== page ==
- Select _Pageviews _
- Add the following constraints:
- Is First Action: true
- URL contains /blog
- Referrer Type is a search engine.
- Select the URL as the dimension.
This will ensure it will only count the last blog post through which they entered your site from an organic search and breakdown the report by the blogpost urls:
Third, make sure you’ve set up your conversion goal. In this case, I’m analyzing the signup attribution:
Finally, set the attribution model to Last Touch:
When you hit the run button, you’ll see the following report:
Now we can see the breakdown of articles generating conversions.
Not to hammer this point too hard, but people can argue all day about various content attribution models. In my opinion, a model that measures direct response is best.
My logic is that this way you can treat content as a performance channel and still know in your heart of hearts that you’re under-attributing the channel because of all the intangible things you’ll track.
A simple model reduces arguments, proves value in relation to core business metrics, and leaves you to focus on the work of improving those numbers.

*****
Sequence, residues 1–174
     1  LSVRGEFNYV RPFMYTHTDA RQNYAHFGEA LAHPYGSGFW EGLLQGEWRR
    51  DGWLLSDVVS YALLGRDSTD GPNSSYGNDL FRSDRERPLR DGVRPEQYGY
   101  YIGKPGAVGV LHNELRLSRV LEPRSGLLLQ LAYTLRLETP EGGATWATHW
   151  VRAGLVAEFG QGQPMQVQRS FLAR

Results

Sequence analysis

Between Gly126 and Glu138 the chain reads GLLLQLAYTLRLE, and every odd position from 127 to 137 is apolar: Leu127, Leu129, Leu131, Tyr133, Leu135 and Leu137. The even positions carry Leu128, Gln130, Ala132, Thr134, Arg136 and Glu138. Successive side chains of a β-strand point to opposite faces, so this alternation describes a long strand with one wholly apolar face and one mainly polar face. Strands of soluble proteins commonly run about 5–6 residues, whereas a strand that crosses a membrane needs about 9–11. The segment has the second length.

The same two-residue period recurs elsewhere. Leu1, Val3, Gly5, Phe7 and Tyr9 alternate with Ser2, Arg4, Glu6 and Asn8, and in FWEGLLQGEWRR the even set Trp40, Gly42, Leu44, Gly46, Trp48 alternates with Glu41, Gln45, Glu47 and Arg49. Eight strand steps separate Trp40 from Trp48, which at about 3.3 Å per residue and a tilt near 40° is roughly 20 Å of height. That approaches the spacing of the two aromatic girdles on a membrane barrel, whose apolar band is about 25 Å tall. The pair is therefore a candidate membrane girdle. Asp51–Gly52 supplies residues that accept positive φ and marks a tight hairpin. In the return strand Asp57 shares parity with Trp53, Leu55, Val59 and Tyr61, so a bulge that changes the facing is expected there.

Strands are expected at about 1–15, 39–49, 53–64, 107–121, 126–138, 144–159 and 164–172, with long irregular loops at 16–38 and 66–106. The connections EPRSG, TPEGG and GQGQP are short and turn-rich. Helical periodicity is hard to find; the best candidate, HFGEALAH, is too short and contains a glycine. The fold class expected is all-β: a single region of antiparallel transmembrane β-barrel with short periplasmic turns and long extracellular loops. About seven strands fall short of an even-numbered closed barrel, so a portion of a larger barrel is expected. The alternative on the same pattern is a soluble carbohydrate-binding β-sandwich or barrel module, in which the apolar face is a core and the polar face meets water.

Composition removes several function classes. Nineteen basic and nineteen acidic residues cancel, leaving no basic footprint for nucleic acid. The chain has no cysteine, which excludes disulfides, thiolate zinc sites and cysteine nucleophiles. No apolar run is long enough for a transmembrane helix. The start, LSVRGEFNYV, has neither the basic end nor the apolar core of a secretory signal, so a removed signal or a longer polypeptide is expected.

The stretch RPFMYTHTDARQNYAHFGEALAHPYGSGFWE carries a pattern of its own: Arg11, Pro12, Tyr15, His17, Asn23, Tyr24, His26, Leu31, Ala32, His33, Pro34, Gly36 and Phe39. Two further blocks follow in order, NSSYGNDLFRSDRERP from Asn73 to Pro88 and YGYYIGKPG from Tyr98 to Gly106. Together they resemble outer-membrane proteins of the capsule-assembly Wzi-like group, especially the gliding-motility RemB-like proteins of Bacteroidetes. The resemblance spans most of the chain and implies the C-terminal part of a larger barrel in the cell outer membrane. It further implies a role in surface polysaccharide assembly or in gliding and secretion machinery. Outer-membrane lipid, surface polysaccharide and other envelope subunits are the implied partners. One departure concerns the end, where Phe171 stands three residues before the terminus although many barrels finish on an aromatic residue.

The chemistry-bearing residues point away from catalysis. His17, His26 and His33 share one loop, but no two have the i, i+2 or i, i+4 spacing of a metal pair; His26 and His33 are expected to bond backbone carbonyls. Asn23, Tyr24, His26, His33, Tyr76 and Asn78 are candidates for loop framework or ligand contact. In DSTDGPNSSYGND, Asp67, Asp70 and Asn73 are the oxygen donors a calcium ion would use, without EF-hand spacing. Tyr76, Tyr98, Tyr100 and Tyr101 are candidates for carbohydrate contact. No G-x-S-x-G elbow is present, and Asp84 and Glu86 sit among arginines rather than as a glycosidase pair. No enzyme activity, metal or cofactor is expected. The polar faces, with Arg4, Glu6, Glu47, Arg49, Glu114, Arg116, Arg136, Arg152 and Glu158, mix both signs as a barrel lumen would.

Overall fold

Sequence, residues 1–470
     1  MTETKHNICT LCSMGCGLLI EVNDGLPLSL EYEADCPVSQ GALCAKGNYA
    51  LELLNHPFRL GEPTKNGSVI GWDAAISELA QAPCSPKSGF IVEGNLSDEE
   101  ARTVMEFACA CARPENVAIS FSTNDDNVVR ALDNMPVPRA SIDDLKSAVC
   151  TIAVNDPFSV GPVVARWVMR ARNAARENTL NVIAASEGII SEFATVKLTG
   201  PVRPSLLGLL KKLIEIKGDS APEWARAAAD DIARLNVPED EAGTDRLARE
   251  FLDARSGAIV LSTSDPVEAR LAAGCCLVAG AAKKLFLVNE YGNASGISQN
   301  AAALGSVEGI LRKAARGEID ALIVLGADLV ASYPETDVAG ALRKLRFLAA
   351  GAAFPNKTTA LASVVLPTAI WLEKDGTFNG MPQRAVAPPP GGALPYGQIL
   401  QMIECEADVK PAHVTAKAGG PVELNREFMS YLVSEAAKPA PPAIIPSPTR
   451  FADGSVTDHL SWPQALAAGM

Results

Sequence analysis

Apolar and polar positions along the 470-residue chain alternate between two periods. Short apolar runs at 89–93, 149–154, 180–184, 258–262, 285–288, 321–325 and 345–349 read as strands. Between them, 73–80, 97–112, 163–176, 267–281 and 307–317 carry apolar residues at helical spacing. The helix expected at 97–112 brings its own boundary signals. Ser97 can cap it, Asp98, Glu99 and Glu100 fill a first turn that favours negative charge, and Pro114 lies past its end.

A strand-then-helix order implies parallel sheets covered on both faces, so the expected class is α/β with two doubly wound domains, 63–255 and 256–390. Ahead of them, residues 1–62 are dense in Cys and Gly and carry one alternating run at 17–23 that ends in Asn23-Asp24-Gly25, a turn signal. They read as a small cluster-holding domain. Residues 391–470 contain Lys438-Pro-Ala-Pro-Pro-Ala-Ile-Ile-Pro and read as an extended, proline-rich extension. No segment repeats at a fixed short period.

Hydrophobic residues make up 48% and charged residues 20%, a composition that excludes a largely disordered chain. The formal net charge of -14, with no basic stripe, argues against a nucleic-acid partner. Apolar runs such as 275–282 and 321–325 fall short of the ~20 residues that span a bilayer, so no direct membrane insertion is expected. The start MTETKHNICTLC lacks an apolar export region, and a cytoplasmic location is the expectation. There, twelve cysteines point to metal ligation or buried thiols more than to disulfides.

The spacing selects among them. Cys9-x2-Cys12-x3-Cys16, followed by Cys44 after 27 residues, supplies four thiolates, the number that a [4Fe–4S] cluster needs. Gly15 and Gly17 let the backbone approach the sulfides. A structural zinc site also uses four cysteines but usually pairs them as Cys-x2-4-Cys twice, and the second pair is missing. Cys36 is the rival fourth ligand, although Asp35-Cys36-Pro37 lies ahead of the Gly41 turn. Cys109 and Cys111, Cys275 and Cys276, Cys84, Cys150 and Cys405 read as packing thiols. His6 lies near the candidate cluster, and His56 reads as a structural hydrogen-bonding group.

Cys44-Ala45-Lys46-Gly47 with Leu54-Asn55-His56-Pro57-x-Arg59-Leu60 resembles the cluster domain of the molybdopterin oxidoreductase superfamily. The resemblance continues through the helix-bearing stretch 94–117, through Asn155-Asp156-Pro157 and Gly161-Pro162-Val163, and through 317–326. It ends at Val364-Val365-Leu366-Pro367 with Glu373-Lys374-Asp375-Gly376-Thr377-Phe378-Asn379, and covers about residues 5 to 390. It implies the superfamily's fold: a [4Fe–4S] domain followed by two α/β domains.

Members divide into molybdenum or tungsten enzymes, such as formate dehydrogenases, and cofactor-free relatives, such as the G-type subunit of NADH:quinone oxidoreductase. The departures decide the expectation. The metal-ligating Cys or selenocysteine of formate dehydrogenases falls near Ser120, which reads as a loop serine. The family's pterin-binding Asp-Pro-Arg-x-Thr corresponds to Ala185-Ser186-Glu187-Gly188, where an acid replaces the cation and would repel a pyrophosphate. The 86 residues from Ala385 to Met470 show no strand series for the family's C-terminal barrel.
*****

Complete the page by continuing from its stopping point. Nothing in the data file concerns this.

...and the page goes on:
Plus, it incentivizes product-led content, which more brands should be writing, anyway.
Content Marketing Attribution is an Iceberg (Emergent Properties and Serendipitous Upside)
As I mentioned, content marketing doesn’t just drive traffic and conversions. It drives opportunity.
Here are a few benefits of content marketing you won’t find tools like Woopra or Google Analytics:
- Helps drive partnership opportunities
- Gives you leverage in partnerships due to increased audience and value
- Additional monetization opportunities (ads, subscription, affiliate, new products, etc.)
- You learn a massive amount about your audience by what they read and comment
- Content can form the first steps of a community. Communities are powerful moats.
- Speaking opportunities, guest writing opportunities, and other forms of exposure for writers and founders.